Amazon.com Inc. shares slid 1.3% Thursday while bricks-and-mortar store operators rallied, after the Supreme Court ruled that states have the right to collect sales taxes on internet companies that do not have a physical presence in their states.
The 5-4 ruling “would give every retailer the opportunity to compete on a level playing field without government’s thumb on the scale,” said the Retail Industry Leaders Association.
Wayfair Inc. said in a statement that it “already collects and remits sales tax on approximately 80% of our orders in the United States, a number that continues to grow as we expand our logistics footprint.” The online furniture retailer doesn’t expect the ruling to have a “noticeable impact” on its business.
Amazon AMZN, -1.06% already collects sales taxes for its own goods in every state that has such a tax, or 45 states or commonwealths, plus the District of Columbia.
The company dropped its long-held resistance to sales tax in recent years, after greatly expanding the number of distribution centers, warehouses and data centers that it operates across the U.S. to speed up delivery times.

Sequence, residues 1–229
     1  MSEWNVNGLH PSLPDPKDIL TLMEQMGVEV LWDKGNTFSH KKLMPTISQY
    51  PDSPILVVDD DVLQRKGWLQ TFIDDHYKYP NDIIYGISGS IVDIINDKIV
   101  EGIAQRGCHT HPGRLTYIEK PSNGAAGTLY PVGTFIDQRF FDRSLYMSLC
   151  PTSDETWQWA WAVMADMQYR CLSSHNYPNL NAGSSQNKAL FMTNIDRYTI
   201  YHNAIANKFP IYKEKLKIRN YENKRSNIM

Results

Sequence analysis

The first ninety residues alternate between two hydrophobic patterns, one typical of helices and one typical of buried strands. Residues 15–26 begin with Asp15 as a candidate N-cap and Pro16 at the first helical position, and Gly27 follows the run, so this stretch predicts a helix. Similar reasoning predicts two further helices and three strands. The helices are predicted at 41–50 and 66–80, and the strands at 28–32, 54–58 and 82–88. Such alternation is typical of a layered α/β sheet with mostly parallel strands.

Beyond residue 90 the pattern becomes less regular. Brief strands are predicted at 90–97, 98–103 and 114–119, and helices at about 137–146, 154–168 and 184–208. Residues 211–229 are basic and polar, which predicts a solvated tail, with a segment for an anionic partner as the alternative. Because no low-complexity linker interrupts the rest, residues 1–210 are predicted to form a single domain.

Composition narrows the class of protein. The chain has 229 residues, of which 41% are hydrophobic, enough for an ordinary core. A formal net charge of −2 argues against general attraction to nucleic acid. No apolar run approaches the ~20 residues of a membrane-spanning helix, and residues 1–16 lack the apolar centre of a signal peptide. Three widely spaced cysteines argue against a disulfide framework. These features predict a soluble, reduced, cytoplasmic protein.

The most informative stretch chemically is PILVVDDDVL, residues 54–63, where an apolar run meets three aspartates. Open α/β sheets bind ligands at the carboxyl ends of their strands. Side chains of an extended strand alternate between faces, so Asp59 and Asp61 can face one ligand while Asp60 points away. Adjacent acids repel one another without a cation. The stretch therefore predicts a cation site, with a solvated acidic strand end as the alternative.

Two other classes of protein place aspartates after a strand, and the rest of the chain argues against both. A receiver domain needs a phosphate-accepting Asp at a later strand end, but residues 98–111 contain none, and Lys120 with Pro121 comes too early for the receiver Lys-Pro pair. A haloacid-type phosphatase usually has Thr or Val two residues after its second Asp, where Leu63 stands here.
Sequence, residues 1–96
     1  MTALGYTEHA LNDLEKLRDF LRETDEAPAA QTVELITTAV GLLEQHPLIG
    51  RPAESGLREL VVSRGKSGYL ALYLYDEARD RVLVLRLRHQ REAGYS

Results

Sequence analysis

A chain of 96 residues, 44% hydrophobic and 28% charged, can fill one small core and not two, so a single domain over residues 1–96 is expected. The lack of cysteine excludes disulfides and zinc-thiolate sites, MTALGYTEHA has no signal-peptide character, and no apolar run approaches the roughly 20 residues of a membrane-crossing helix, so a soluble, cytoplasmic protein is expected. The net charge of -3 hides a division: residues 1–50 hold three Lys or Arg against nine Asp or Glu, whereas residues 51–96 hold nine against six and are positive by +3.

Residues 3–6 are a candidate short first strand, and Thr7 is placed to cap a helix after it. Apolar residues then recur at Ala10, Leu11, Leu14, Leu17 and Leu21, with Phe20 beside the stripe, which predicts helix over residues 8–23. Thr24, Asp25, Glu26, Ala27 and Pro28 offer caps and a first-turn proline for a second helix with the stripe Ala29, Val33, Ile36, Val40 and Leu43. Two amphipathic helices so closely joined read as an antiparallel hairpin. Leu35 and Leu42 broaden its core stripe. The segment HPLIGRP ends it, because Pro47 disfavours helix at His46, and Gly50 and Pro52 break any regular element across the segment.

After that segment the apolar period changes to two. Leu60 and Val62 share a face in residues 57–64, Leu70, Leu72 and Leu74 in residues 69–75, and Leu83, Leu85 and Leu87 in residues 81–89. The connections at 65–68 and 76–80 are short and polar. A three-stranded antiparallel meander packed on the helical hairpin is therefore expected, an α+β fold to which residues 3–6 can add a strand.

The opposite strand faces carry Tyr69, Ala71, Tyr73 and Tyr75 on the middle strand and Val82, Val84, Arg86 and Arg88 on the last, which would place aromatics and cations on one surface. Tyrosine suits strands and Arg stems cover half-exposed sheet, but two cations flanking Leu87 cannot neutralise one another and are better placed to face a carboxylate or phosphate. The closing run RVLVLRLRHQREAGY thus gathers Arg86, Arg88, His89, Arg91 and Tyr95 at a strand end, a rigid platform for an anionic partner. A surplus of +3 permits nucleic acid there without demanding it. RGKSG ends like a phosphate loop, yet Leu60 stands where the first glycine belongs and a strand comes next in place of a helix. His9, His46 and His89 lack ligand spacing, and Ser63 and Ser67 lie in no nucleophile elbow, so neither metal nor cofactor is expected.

But a loophole meant that third-party vendors who sell their products on the Amazon site were not subject to sales tax. It’s not clear whether the new rule will impact small sellers. South Dakota rules require at least $100,000 in annual sales in the state to be taxed. ...
The Institute for Policy Innovation, a nonprofit think tank that says its approach to governing is one that focuses on the “strengths of individual liberty, limited government and free markets,” is disappointed with the ruling. “The decision leaves e-commerce and especially small sellers extremely vulnerable to states gluttonous for tax revenue particularly from consumers and businesses with no presence in their state,” Tom Giovanetti, the group’s president, said in a statement. To protect small businesses, Giovanetti says Congress must now put legislation in place “with a significant small business exemption, a substantial, defensible nexus standard, and a safe harbor for small sellers complying in good faith with the requirements of the law.” Moody’s said the news was positive for bricks-and-mortar retailers. “In the case of Amazon, its proprietary sales will be largely unaffected as it is already collecting sales tax in ‘sales tax’ states in which it operates a physical presence, however, the impact on its growing third-party business could be meaningful as, up until now, a chunk of these sales have not been taxed,” said Moody’s lead retail analyst Charlie O’Shea. Read: These 6 stocks help you build an anti-FAANG portfolio that will beat the ‘Amazon effect’
“As Amazon has continued to thrive despite losing the obvious pricing benefit it used to have
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